Document Type

Honors Project

Abstract

Over the last several decades, two important shifts have taken place in the computing world: first, the speed of processors has vastly outstripped the speed of memory, making memory accesses by far the most expensive operations that a typical symbolic program performs. Second, dynamically compiled languages such as Java and C# have become popular, placing new pressures on compiler writers to create effective systems for run-time code generation.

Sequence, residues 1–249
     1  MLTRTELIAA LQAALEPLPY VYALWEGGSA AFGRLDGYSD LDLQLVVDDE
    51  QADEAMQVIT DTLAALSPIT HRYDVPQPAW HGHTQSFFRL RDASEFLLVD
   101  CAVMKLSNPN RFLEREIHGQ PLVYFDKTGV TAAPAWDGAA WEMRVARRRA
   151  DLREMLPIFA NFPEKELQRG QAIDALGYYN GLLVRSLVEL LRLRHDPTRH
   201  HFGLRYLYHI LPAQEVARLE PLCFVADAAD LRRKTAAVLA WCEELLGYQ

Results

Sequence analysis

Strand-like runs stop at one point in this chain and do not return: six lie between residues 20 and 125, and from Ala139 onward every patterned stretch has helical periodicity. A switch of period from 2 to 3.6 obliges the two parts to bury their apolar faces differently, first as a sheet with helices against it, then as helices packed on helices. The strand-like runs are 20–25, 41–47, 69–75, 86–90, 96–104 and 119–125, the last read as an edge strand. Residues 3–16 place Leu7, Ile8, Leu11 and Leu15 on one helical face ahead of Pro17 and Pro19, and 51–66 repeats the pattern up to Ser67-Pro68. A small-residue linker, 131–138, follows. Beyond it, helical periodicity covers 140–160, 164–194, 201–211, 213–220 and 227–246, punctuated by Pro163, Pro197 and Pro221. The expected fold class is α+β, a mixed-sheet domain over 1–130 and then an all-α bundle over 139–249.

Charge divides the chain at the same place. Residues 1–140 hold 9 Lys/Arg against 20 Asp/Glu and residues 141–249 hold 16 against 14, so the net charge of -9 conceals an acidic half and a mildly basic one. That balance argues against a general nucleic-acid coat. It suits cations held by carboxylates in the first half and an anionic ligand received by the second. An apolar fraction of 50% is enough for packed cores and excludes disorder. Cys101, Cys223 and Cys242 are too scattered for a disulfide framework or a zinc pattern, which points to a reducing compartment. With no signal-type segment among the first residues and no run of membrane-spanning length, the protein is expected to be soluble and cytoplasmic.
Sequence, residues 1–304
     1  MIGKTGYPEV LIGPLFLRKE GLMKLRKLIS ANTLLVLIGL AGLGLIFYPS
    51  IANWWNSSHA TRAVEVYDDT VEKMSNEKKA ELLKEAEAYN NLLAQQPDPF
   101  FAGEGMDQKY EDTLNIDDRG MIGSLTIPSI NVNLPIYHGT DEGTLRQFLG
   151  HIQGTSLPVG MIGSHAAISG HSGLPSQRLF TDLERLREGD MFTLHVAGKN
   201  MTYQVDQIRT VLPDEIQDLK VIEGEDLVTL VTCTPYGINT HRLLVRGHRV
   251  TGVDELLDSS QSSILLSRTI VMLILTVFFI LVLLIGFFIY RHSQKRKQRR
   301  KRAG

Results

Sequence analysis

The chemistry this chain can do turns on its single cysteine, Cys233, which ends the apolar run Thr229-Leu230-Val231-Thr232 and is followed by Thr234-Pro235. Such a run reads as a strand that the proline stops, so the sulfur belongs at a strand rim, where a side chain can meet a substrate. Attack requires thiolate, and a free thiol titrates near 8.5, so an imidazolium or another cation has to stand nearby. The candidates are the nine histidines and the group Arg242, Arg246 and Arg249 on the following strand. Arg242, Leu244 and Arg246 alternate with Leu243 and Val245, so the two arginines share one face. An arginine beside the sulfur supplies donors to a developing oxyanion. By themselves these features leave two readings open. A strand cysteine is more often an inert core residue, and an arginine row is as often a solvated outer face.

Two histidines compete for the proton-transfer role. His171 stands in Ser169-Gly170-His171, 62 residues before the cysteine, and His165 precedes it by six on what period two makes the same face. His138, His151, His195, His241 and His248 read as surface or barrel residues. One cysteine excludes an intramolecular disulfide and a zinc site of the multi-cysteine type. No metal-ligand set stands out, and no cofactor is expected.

This paper addresses the need created by the lagging speeds of memory accesses in the context of dynamically compiled systems. In such systems memory access optimization is important for resultant program performance, but the compilation time required by most traditional memory access optimizations is prohibitively high for use in such contexts. In this paper, we present a new analysis, memory dependence analysis, which amortizes the cost of performing memory access analysis to a level that is acceptable for dynamic compilation. In addition, we present two memory access optimizations based on this new analysis, and present empirical evidence that using this approach results in significantly improved compilation times without significant loss in resultant code quality.

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